Lingua Franca, Finborough Theatre, London

Click to follow
The Independent Culture

Even before his hilarious "soldiers in skirts" vaudeville Privates on Parade over 30 years ago, Peter Nichols (who's now a spry 82) had written enough good plays to make his name. Sightings are rare these days, but he's never stopped writing, and like his near contemporary and "unfashionable" fellow cynic, the late Peter Barnes, he's well overdue some major revivals.

Lingua Franca had slipped through the net until director Michael Gieleta revived it at a drama school last year: now, he's been encouraged to mount a fuller version in the tiny, suffocating Finborough, and while the piece is not a patch on Privates, it's well worth the detour to follow the fortunes of Private Steven Flowers in a Florence language school in 1955.

Nichols includes a few tart, funny pages on his stint in the Florentine sun in his matchless autobiography, Feeling You're Behind, pointing out that he had something in common with James Joyce and Wilfred Owen in teaching English in a Berlitz school. But he didn't really fit in: "The students began to play me up, giggling when I asked them if a glass was a fork or, as time went on and boredom set in, if a pencil was an elephant."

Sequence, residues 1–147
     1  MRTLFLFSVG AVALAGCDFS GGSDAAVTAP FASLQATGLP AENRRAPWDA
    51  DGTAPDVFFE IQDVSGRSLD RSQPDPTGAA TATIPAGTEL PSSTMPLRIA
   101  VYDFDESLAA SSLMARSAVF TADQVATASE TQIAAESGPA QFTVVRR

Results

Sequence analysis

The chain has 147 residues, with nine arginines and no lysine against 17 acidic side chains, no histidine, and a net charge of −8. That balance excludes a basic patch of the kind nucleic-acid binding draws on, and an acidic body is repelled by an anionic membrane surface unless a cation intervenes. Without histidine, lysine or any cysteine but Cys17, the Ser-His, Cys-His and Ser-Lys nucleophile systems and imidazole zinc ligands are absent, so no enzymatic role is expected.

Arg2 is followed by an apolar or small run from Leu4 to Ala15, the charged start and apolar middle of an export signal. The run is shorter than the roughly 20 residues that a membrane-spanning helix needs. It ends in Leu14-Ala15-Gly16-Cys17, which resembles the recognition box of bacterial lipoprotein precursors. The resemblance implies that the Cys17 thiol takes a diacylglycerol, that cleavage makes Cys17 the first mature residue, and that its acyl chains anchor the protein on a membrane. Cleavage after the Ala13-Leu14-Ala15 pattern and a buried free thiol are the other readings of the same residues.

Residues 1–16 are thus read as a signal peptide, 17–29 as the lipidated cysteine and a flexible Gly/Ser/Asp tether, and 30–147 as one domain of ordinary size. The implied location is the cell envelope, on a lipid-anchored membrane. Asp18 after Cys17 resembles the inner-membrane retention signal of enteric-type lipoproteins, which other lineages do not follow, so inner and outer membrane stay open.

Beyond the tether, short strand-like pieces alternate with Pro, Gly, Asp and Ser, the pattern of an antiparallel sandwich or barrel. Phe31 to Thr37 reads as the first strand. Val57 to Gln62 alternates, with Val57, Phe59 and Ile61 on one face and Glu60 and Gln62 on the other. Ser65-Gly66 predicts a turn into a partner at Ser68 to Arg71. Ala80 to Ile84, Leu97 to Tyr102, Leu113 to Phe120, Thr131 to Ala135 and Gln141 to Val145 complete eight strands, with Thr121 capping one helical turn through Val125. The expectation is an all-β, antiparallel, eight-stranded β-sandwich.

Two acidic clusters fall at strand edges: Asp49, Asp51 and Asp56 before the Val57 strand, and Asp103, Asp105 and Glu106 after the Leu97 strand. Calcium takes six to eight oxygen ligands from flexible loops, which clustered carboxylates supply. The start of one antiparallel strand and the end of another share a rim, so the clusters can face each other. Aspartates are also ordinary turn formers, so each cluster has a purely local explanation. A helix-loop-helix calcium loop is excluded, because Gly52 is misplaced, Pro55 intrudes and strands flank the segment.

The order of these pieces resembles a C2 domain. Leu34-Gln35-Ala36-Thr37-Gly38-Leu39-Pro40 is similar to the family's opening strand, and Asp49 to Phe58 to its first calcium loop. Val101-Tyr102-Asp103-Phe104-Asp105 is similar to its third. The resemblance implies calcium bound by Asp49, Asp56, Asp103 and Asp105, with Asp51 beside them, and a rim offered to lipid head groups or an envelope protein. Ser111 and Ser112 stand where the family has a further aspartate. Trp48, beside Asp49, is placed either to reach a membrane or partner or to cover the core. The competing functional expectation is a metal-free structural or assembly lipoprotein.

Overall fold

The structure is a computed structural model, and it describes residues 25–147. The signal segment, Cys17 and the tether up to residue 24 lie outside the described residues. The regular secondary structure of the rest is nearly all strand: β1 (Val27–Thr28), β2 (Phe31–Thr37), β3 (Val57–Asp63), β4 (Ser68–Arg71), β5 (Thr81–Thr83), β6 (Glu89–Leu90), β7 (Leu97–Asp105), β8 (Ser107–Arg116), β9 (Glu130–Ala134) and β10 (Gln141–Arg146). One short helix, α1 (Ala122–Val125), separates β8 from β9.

Steven, played with a brittle sense of his own worth by Chris New, says the war was "kids' stuff compared to what's coming" while toying with the affections of a German teacher, Heidi Schumann (Natalie Walter), whom he seduces, viciously, and the fawn-like Peggy Carmichael (Charlotte Randle) whom he leads on, unforgivably.

The voice of bitter, better experience is heard from both Rula Lenska's displaced Russian Jewess and Ian Gelder's head-shaking neutralised old wiseacre, while the head of the school, a two-timing Don Juan (Enzo Cilenti), who rents out rooms to the teachers he fancies, finds his premises threatened by protests in the classroom and fall-out in the staff room. It's not classic Nichols, but deeply felt and continuously engaging.

To 7 August (0844 847 1652)